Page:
Are Tree Rings Low Pass Temperature Filters?

I don’t know the answer to this question: I am not an expert in this area, and I haven’t the time or resources to track down the data to discover the answer. I even wonder if there exists controlled experimental data. It must be the case that the objections I make below are well known and have been considered by those who regularly use tree rings as proxies for temperature. I’m just hoping that some regular reader might know where to go on this matter.

Ulf Büntgen and a pal or two saw their “2500 Years of European Climate Variability and Human Susceptibility” published recently in Science (thanks to reader Sylvain Allard for bringing this to my attention). The abstract begins:

Climate variations have influenced the agricultural productivity, health risk and conflict level of preindustrial societies. Discrimination between environmental and anthropogenic impacts on past civilizations, however, remains difficult because of the paucity of high-resolution palaeoclimatic evidence. Here we present tree ring-based reconstructions of Central European summer precipitation and temperature variability over the past 2500 years. Recent warming is unprecedented, but modern hydroclimatic variations may have at times been exceeded in magnitude and duration.

The admission is “paucity of high-resolution palaeoclimatic evidence”, meaning no direct measures of temperature and precipitation exists. Thus, the reliance—I emphasize the word—on tree-ring data as a stand-in for what was not measured.

Then comes the key: “Recent warming is unprecedented”. Is it? How can we know? Well, by examining the reconstructions of temperature using tree rings: that is, by building statistical models of temperature as functions of tree-rings.

My question is this. Suppose, ceteris paribus, that temperature changes rapidly year on year. I leave “rapidly” undefined, as I do how the temperature changes (more in summer than in other seasons? equal change through all seasons? etc.; each possibly would presumably influence the way trees reacts to temperature). Can trees keep up with rapid temperature change?

My guess, based, it’s true, on vague biology, would be that the tree ring responds to this temperature change linearly when the year-on-year temperature change is slow, and it responds to the temperature change (say) logarithmically when the year-on-year temperature change is fast. That is, when temperature change is too quick, the tree can’t catch up and doesn’t respond as quickly to extremes. Tree rings would then, in effect, be a low pass filter on temperatures.

If that is true, then any reconstruction of temperature based on tree rings would always show less variability than would actual temperature measurements. The past would necessarily look calmer than the present, so to speak. Reconstructions would have more hockey sticks than at the Joe on a Friday night in January.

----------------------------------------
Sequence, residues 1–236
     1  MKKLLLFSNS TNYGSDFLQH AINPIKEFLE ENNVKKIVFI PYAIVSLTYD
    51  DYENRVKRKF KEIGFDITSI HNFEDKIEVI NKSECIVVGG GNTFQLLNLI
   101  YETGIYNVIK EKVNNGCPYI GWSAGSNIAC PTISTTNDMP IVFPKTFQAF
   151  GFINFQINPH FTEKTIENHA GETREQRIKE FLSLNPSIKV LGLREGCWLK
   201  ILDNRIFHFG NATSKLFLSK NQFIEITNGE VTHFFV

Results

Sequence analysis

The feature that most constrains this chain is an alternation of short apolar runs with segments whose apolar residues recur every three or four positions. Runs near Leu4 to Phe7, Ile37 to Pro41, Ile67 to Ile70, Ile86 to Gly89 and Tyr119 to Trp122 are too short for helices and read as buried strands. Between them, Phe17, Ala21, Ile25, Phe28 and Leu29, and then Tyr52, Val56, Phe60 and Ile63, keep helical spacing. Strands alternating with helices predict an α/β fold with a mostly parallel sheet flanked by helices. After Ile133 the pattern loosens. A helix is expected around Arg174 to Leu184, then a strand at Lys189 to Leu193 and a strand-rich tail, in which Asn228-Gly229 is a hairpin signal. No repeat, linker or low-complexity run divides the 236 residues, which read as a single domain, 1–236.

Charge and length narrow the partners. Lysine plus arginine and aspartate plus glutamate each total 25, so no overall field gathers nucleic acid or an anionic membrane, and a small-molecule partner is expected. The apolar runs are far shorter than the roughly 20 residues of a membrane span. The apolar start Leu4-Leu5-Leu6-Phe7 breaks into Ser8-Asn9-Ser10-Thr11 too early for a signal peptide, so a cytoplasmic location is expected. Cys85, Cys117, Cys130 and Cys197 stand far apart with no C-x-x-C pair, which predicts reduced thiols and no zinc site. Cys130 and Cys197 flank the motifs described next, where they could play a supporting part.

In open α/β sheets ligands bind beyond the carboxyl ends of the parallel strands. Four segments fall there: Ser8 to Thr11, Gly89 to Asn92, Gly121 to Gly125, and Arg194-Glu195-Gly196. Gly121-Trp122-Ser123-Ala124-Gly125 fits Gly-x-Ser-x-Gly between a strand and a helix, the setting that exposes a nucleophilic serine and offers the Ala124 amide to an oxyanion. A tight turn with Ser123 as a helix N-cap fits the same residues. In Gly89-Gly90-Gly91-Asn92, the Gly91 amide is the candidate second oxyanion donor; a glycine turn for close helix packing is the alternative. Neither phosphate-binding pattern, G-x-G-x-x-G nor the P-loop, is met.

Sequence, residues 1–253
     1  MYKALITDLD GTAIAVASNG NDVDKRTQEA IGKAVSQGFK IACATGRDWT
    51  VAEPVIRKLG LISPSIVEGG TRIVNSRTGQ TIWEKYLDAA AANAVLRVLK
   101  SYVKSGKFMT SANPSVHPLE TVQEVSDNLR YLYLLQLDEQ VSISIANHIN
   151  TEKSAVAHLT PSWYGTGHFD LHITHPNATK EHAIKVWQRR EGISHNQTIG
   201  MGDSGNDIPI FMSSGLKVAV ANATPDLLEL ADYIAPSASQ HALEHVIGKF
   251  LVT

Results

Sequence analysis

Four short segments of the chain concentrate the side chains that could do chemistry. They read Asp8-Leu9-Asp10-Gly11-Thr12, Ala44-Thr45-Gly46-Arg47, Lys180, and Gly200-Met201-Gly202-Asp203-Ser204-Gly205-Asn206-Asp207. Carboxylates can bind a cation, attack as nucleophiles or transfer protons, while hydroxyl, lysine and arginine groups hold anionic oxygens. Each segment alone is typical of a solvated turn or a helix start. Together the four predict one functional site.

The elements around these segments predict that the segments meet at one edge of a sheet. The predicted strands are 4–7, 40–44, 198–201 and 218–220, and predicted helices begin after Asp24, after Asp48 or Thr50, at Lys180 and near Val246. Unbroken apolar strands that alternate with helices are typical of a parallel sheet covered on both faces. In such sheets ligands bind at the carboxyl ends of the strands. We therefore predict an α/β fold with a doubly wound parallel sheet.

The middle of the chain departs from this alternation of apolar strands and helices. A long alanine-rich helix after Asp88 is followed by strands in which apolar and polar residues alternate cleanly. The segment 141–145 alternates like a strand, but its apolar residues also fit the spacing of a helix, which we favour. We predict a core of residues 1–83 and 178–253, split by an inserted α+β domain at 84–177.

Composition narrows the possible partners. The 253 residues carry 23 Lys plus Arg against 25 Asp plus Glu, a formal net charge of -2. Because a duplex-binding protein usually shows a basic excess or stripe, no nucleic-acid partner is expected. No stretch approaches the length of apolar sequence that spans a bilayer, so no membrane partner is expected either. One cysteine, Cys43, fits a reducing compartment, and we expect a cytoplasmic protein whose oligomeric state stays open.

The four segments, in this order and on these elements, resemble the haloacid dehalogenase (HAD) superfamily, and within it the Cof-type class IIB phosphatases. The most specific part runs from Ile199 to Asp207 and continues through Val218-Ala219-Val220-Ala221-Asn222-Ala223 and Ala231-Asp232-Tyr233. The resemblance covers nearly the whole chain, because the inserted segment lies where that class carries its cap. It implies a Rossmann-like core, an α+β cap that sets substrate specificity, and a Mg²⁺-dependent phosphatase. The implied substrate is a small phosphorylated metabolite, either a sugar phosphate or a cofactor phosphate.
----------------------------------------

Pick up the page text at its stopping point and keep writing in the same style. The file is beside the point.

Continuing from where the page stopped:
Now, if you knew how trees responded to rapid change, then you could of course incorporate this knowledge into your reconstruction models. But this removes these models from the land of simple regressions, and almost certainly, and unless the researcher is very careful, the results will be too certain in times of rapid change (the confidence or credible intervals should widen considerably when the regime switched from linear to logarithmic).

Then, too, we have the difference between estimates of the parameters of these models versus these models’ estimates of the actual observables (temperature). Use of the former—which is all you see in classical statistics—guarantees over-certainty.

Controlled experimental data would answer the question. Grow a strand of trees, paying attention to the ceteris paribus, then change temperature slowly, then rapidly and see what happens. Of course, since tree rings are laid down annually (I stand ready to be corrected here), this experiment will take some time.

You might then try to look to the wild where we have simultaneous (say) thermometer-based temperatures and tree rings, which must have been done. The problem here is observational bias. Chances are overwhelming that that ceteris paribus bit will not have been understood properly. I say this because it rarely is. This difficulty isn’t strong enough to bar these kinds of experiments, but it is sufficiently forceful such that we should always look at our results with some skepticism. Especially if our goal is to forecast temperatures changes of fractional degrees.

As I have said, all this is surely well known; thus this post is more a way for me to organize my thinking than any kind of review. I await enlightenment from you.

Will The Religious Out-Breed Us All?

Thanks to long-time reader and contributer Ari Schwartz for bringing this to our attention.